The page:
Luis wrote a new post, Response to The Narrows, A. Petry by Luis Zambrano, on the site Black Listed: African American Writers and the Cold War Politics of Integration, Surveillance, Censorship, and Publication 3 weeks, 6 days ago
A most profound problem in the exegesis of most mid-century novels of black authorship is the determination of the degree to which race and censorship cast its pall over the entire enterprise. To what extent was […]
Hi Luis, This is brilliant! Comparing JC to the clown in Shakespeare AND minstrelsy feels spot on—and that it is both, is fascinating, child and jester, stereotypes and truth-sayers. I also think the comparison to Romeo and Juliet is apt–with race rather than family enmity making for “star-crossed lovers.” Your sensitivity to the nuance in a text is so impressive. I remain fascinated by your comment in class that Abbie is the only person who really changes in the book. Usually the person who changes is the larger-than-life figure, good to bad, bad to good, a stand-in for us all. That the snoopy, censorious, bourgeois regulator and arbiter of morals and social norms is (a) probably in a lesbian relationship and (b) someone who grows deeper and changes . . .well, that’s profound writing, taking conventions and turning them inside out. Best, Cathy
Hi Cathy, Thanks once again for taking time for making helpful comments…
Luis wrote a new post, Brown Girl, Brownstones Response by Luis Zambrano, on the site Black Listed: African American Writers and the Cold War Politics of Integration, Surveillance, Censorship, and Publication 1 month, 1 week ago
Paule Marshall’s Brown Girl, Brownstones initially evokes the life of Bajan immigrant families brought together within the tight, adjacent confines of brownstones in Brooklyn in the time of trolley cars during t […]
Your thoughtful description of the novel recalls some of the main features of a culture of conformity that is often associated with the 1950s. It strikes me a stunning example of integration’s failures, especially as they shed light on the problematic notion of citizenship and its message of opportunity and equality.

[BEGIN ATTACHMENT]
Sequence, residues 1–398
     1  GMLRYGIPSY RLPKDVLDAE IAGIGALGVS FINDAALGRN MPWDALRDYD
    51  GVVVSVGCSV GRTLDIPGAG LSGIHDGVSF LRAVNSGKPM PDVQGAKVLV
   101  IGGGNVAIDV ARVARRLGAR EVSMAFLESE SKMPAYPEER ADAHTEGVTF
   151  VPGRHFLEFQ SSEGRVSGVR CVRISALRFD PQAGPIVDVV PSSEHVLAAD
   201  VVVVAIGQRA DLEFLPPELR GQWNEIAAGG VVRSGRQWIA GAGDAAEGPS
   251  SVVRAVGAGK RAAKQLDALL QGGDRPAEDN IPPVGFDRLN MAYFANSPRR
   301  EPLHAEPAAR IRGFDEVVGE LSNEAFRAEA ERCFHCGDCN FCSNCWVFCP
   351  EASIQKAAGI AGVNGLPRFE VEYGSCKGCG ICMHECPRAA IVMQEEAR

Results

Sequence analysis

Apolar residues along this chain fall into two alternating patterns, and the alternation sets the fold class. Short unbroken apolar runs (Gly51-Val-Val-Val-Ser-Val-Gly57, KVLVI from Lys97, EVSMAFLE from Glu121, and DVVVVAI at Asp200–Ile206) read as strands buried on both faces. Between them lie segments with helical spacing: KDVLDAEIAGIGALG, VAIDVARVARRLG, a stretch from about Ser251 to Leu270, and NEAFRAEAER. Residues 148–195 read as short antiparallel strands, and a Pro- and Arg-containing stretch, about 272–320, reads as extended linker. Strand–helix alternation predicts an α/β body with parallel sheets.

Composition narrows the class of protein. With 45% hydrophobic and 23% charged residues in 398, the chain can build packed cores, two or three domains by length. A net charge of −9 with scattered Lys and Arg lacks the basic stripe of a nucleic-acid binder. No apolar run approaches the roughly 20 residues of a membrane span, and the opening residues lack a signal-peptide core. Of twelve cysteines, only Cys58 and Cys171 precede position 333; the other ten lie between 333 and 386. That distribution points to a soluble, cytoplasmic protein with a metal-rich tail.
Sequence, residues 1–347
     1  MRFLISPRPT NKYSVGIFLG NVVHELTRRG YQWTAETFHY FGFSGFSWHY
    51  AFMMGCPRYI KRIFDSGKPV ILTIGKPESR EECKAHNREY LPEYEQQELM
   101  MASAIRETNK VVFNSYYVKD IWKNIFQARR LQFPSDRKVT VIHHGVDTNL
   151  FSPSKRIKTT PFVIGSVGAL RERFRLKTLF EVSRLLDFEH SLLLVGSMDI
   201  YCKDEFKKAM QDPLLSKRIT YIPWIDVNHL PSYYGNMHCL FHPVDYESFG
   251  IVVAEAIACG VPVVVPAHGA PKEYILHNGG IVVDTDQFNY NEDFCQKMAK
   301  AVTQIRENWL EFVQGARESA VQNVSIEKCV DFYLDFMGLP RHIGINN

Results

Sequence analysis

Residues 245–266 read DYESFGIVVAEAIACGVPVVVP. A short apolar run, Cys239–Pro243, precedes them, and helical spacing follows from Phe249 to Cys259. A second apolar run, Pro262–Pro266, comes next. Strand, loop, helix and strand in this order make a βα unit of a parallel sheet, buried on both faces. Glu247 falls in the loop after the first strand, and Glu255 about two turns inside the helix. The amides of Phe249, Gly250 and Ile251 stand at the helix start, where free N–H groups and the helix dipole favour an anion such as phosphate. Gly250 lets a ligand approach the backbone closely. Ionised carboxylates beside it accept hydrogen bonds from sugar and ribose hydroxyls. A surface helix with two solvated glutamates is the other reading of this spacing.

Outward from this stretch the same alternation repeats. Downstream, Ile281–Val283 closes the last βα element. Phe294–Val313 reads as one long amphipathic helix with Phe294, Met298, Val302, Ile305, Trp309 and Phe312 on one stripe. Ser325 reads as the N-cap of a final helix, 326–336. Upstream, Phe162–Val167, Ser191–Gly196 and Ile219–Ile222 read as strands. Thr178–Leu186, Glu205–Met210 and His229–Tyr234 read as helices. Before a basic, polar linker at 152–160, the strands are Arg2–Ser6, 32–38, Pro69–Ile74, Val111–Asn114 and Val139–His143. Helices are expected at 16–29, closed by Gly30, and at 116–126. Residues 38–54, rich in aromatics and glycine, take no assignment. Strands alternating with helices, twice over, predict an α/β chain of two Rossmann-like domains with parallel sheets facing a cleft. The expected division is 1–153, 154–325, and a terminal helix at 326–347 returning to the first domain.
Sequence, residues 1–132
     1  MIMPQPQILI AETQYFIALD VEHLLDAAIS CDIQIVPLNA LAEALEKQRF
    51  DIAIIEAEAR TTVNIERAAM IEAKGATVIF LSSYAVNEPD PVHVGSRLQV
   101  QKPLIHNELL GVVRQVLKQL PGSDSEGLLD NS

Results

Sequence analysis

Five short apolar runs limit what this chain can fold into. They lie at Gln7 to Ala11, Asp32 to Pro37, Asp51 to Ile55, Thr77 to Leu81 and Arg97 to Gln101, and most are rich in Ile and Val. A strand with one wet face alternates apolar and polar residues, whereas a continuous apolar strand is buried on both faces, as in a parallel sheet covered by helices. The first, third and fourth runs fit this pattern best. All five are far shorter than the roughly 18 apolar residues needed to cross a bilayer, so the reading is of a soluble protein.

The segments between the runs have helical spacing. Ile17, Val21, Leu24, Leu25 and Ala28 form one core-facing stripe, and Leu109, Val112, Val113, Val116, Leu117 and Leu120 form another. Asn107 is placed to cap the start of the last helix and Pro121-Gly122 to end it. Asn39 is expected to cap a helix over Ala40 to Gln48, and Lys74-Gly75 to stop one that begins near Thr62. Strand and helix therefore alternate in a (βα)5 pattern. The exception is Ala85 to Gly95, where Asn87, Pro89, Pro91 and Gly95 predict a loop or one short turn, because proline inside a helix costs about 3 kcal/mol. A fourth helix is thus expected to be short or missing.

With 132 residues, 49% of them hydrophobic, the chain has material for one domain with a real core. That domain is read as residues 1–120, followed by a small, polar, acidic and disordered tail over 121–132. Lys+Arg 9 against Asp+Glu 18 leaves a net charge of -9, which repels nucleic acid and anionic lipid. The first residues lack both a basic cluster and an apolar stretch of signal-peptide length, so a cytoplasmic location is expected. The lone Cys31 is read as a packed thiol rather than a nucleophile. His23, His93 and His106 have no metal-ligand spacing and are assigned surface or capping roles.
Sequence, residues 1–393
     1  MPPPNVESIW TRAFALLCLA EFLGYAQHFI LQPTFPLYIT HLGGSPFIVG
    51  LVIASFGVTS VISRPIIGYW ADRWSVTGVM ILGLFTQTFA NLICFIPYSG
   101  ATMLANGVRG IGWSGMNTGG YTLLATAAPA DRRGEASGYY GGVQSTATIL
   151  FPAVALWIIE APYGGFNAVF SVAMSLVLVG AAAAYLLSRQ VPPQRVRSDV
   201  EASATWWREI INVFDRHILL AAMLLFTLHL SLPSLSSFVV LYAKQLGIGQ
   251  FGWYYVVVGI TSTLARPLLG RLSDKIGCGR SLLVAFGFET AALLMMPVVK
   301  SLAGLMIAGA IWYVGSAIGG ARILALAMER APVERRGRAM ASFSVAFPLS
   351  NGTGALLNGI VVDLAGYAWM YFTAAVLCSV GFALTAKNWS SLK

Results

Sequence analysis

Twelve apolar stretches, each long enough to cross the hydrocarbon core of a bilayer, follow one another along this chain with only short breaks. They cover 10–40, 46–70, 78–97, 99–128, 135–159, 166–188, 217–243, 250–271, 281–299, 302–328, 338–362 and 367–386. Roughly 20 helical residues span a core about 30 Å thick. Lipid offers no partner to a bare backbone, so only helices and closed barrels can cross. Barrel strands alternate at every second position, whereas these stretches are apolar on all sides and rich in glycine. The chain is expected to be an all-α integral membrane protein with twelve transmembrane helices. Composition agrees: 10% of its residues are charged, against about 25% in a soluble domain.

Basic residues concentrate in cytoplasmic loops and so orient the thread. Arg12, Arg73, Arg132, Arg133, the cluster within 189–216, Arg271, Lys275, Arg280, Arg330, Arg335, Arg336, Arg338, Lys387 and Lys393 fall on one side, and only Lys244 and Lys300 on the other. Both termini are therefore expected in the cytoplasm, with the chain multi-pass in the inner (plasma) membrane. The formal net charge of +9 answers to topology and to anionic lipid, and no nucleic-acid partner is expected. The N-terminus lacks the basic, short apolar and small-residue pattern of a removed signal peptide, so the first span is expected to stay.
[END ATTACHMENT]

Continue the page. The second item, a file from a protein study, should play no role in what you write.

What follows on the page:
You write that:
Selina also sees the “coming of age” of a community riven over the choice of whether Barbadian progress should be for Barbadians, or whether it should be subsumed under the mantle of Negro progress, which inevitably would insinuate the “commonist” associations of the Negro world into that of the Bajan.
This is an interesting analysis and one that I thought about a lot when I was reading the novel, and a question that I struggled to come to terms with. Barbadians in the novel, as depicted, seemed intent on debating this question, but I found it fascinating that associating black struggles together was viewed by characters in the novel as communist. That these kinds of struggles would be called communist in nature – or be perceived as such by the characters – when they are actually more oriented around identity politics and racial justice, shows how afraid people were of the ideas of communism, and shows the effectiveness of the red scare in many aspects of the black community.
What a beautiful post. Thank you. You write, “Both Silla’s stark familial loss and Deighton’s death, remind us, as Hemingway said, that the world ‘kills the very good and the very gentle and the very brave impartially.'” Yes, there is that feeling that the world is actively pressing in on and trying to destroy Deighton, Silla, and Selina. Deighton is crushed right before our eyes. But like with Hemingway, we can’t ignore that there are times when we have a hand in our own destruction. I am sure if asked, Deighton would see himself as the victim of both the world, and more specifically his wife. I see however, how he victimized his family. This victimization ultimately played a role in his demise.
When you say, “seemingly indiscriminate way in which life doles out its consequences, as if “God is sleeping” (p.31)” I think about what really drives this story. Ultimately it is “consequences.” The consequences of all the choices that Silla and Deighton make. Silla and Deighton’s frames of minds were influenced originally but by who? If I could put it into a visual it would be a family tree, in the literal and figurative sense, of consequences. Silla and Deighton, although it would be tempting, would not be on the top. I would put those who influenced their thinking on top. I wonder, however, when would it end at the top because this story is as much about influence as it is about the consequences of those influences.
Luis, a couple small comments–
Your remark that
“despite the cruelties that parents inflict upon their children, parents endured cruelties too. …. he observes that we must come out of “our tombs, to flow out of oneself into life” once again, even if we know that we ourselves will inevitably in turn hurt others”
brought to mind the epigraph of August Wilson’s Fences:
“When the sins of our fathers visit us
We do not have to play host.
We can banish them with forgiveness